Calvin, by Bernard Cottret. Translated by M. Wallace McDonald.
Bernard Cottret set out to replace the commonplace, static picture most people have of John Calvin as "a doctrinaire divider, attached to his own ideas to the point of fanaticism" with "a portrait in motion" which pays particular attention to the role of Calvin's faith in shaping his life. Cottret particularly focuses on what he takes to be the central question posed by Calvin's life--how a shy, retiring scholar became a forceful Reformer who left his imprint on subsequent Western culture.
Cottret highlights this question by placing Calvin in continuity with the very different trajectories that emerge from his thought and life: Calvinism, and the philosophies of Descartes and Montaigne. How can the man who had "the same anguish, the same nostalgia, the same melancholy" as Montaigne be in part responsible for "the disenchantment of the world" and advocate for "the predestination of both the elect and the reprobates"?
Cottret attempts to account for this dynamic tension in Calvin's life and legacy by placing him in the horizontal context of French humanism and the vertical context of a direct, unmediated call by God. He shows Calvin's committed participation in the recovery of letters led by French scholars under the patronage of Francis I. "In his culture, in his origins, in his thought, Calvin was a humanist." As a student of Latin, Greek and Hebrew grammar and philology, Calvin would have known that it is very difficult to understand any given text with clarity, and would have doubted our ability to ascertain the truth with certainty. The doubts raised by his humanist training, especially doubts concerning the interpretation of scripture, plagued him all of his life.
Calvin's life as a humanist was decisively altered by his vocation, which Cottret understands to be a "direct intervention of God in the course of history." For Calvin, his calling by God was the same as his election by God. "God chose Calvin, Calvin did not choose God: this is the very formula of election. . . . God chooses in the same way as he rejects, without reason, by the arbitrary action of his grace." His vocation and election gradually led Calvin to become a theologian writing for those who felt "an intense conviction of being chosen by God," and formed the beginning of his theory of predestination.
The conviction of being called and elected was the source both of Calvin's strength and of his greatest weakness. "Calvin was not wise. Carried away by polemics and his authorial vanity, over the years he gave an increasing emphasis to predestination in his work"--an emphasis that made him the prisoner of his own ideas. "Predestination became the werewolf of Reformed theology, which could not be approached without terror."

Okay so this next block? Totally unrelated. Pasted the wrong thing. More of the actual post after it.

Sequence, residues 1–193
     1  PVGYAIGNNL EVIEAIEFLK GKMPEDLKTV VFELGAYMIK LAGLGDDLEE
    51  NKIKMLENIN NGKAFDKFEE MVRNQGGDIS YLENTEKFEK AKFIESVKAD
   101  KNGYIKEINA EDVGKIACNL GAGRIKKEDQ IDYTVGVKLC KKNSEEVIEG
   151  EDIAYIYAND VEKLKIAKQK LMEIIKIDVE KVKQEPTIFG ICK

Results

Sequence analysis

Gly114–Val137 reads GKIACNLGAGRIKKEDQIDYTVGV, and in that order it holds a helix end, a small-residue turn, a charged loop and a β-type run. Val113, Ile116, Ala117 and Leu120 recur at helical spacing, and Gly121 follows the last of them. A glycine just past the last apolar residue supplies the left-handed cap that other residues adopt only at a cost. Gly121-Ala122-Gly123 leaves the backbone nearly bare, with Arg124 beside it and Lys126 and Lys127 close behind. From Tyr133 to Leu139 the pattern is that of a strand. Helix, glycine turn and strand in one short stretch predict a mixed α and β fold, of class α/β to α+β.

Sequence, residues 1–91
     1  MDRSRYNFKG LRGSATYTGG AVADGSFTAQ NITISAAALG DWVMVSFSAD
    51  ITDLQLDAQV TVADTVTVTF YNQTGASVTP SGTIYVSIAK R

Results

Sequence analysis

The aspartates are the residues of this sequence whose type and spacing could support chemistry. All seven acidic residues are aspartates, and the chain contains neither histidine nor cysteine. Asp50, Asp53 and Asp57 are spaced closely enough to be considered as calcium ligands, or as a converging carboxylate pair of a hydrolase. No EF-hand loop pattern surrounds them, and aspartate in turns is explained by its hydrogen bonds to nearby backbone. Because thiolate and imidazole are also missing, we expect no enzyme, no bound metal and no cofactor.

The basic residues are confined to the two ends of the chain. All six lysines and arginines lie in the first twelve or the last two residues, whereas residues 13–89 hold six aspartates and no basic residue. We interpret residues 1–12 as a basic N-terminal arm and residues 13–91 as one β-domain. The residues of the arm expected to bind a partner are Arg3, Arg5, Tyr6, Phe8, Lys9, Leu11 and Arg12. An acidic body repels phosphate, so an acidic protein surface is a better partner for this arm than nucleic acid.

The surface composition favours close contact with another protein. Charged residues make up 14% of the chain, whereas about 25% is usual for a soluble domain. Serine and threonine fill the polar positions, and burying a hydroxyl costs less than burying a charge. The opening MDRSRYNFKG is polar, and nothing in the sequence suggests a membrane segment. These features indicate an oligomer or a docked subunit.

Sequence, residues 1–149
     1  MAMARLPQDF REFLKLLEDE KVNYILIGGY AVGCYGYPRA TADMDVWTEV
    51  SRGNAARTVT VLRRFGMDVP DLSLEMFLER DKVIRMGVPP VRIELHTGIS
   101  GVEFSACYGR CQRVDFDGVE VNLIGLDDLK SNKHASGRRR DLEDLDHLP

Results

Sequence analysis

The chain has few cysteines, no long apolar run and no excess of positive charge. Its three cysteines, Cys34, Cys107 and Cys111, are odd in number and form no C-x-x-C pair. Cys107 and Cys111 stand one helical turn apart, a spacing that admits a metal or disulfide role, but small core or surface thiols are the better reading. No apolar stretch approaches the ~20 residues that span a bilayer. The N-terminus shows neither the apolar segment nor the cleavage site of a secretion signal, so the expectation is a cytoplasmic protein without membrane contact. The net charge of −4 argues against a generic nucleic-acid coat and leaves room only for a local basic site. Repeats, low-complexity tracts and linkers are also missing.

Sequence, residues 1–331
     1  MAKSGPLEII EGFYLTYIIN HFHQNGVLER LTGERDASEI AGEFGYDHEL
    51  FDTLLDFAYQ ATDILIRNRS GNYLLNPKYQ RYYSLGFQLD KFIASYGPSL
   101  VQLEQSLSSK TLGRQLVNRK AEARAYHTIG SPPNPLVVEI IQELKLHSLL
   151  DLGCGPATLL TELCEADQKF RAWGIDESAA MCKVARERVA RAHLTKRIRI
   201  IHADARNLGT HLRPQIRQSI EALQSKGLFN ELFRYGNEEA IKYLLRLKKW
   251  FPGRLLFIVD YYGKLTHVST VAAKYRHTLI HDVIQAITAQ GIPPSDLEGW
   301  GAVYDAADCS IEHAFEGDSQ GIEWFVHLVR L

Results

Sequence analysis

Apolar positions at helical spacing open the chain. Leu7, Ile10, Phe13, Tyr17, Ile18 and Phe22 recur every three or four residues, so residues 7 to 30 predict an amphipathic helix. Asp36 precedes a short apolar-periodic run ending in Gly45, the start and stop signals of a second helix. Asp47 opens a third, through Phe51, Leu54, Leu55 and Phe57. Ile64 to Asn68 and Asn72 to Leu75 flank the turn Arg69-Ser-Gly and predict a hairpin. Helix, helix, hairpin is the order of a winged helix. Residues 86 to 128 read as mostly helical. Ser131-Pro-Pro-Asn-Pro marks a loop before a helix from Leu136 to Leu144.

Moreover, Calvin's conviction of his calling and election could not calm his doubts about the meaning of scripture and its use in establishing Christian dogmas like the Trinity. "Is the Trinity demonstrable from the sole standpoint of Scripture? Does the principle of sola Scriptura, of decisive recourse to the Bible as the fountainhead of authority, allow one to avoid ambiguity?" This combination of humanist doubt and faith in divine election led Calvin to reject conciliation as an option in dealing with his opponents. "No, by definition the Calvinist enterprise could not envisage the least compromise, which was immediately perceived as a compromise with conscience."
The only response to those who opposed him would be expulsion from Geneva or torture and execution. On the one hand, such "shocking" tactics show that Calvin was no modern, since he fully shared the "fear of sorcery and of heretics" of his age, which "entailed their retinue of hasty, indeed barbarous remedies: imprisonment, torture, the stake." On the other hand, it was precisely Calvin's implacable resistance to all opponents that led to the modern, secular view of the world. "Intransigent towards ecstatics, sarcastic towards Catholics, intractable towards heretics, Calvinism participated unwittingly in the disenchantment of the world."
Cottret increasingly portrays Calvin through the eyes of the harassed Genevans who resisted and opposed him, either by breaking wind and playing skittles during his sermons, or by opposing "fucking predestination." Cottret does not make Calvin's theology any more attractive or sympathetic than Calvin himself. "This is undoubtedly the most perfect summary of Calvin's theology: God speaks, God chooses, God summons," he says. "Calvin's God was an absolute sovereign," choosing and rejecting arbitrarily. This God, "equipped with a square and a compass," paved the way for the God of the Deists. "Calvin's God was a tidy God" for whom "cleanliness was next to godliness," giving rise to Puritan concerns for purity.
Unfortunately, Cottret's "history of faith" and "portrait in motion" winds up reproducing the very picture of Calvin that he began by denouncing as in "great part unjustified," the portrait "of a doctrinaire divider, attached to his own ideas to the point of fanaticism."